US immigration fee increased by 81%, Asylum seekers to pay now

US immigration fees increased by 81%, asylum seekers pay now

U.S. immigration inspector checks passportJoe Riddle/Getty Images

In a major development in the United States, the Trump administration announced on Friday (July 31) that it will increase US immigration fees, which will require asylum applicants to pay the first ever fee. Naturalization application fees will also increase by more than 80%.

The United States Citizenship and Immigration Services (USCIS), which is in charge of the country’s immigration and naturalization system, said in its announcement that the new fee structure may take effect on October 2.

According to a CNN report, the cost of online naturalization applications has now increased from US$640 to US$1,160, while the fee for asylum seekers is US$50.

According to the Immigration Policy Institute, asylum applicants around the world do not have to pay application fees. With this special announcement, the United States is now the fourth country to impose asylum fees after Australia, Fiji and Iran.

The decision was made after the US Immigration Service suspended services due to severe budget shortages and vacations caused by the new coronavirus pandemic.

Trump is studying the “Great Immigration Act”

Donald Trump

Reuters

On the other hand, Trump said that his government is enacting what he calls the “Grand Immigration Act.”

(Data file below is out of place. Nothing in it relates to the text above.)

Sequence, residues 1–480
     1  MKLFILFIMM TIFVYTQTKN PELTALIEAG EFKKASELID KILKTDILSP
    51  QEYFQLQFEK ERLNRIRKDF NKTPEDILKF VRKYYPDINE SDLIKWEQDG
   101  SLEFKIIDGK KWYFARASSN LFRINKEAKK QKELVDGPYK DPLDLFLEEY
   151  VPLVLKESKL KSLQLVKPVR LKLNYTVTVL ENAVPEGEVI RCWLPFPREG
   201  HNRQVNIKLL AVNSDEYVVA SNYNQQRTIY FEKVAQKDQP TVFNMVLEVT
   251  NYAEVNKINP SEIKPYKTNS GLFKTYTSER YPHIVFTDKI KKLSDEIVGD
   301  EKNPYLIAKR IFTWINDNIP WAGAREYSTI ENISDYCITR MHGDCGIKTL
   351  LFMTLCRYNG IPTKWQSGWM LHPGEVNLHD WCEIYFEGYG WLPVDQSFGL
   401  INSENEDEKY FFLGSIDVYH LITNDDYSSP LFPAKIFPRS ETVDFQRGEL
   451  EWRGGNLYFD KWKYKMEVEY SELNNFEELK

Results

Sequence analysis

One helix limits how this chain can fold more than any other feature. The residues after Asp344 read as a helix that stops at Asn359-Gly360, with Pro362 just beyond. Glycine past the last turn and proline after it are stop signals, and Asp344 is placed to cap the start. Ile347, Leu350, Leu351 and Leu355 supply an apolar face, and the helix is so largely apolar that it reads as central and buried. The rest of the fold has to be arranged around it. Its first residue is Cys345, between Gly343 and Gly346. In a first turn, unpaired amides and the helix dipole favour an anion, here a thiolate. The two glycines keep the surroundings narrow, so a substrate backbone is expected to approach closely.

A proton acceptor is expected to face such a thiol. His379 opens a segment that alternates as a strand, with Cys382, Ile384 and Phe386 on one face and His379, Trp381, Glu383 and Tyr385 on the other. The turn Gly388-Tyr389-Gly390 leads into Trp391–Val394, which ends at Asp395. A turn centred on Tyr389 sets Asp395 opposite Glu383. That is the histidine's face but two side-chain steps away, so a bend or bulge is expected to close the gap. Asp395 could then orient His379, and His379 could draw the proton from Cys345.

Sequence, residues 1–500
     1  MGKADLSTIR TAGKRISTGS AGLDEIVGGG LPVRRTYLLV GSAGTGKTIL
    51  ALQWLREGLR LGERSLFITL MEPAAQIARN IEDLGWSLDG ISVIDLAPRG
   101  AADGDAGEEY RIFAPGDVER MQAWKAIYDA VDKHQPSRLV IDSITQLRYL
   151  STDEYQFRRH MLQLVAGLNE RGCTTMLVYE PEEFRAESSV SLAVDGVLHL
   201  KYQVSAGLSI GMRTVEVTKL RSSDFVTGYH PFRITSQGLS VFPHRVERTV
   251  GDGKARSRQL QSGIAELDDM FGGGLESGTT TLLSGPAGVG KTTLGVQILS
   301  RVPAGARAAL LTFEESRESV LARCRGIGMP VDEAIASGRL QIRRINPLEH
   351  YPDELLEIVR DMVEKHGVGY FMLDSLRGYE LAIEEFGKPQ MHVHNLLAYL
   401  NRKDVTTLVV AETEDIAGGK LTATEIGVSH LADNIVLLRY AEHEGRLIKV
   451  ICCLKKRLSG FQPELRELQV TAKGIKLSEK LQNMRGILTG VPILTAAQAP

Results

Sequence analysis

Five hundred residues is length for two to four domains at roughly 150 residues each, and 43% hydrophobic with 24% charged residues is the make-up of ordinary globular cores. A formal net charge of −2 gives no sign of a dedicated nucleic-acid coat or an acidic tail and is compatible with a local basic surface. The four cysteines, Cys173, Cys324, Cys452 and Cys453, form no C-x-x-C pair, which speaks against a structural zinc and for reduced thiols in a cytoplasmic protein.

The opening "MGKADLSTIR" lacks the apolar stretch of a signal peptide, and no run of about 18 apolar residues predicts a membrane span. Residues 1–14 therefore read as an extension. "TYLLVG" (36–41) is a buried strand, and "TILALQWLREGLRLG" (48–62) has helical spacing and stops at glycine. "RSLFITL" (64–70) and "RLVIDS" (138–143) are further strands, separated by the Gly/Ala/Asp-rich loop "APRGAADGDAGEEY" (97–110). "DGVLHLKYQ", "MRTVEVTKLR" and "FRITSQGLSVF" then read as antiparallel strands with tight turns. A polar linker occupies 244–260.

Xinhua News Agency reported that Trump told reporters at the White House on Friday before traveling to Florida that the bill would be based on the merits.

In addition, he said that the government is working with representatives of the “Delayed Arrival for Children” (DACA) program, which aims to provide undocumented immigrants who are brought into the country as children with a permit to live and work legally.

Trump made the remarks a few days after his administration announced that it is reviewing DACA and will reject the new application.

DACA was created by Barack Obama’s previous administration in 2012 through an administrative memorandum. It previously gave recipients a two-year deportation extension, and has made them eligible for work permits, driving licenses and Health insurance.

It is estimated that the recipients of DACA are approximately 700,000, and they are often referred to as “dreamers.”

Trump will abolish the plan as an important part of his tough immigration policy. He first announced his intention to abolish DACA in September 2017.

During the coronavirus pandemic, Trump stepped up actions to restrict immigration.

Critics believe that as the November election approaches, he is using the pandemic to promote his political agenda and attract voters.

(Use IANS input)

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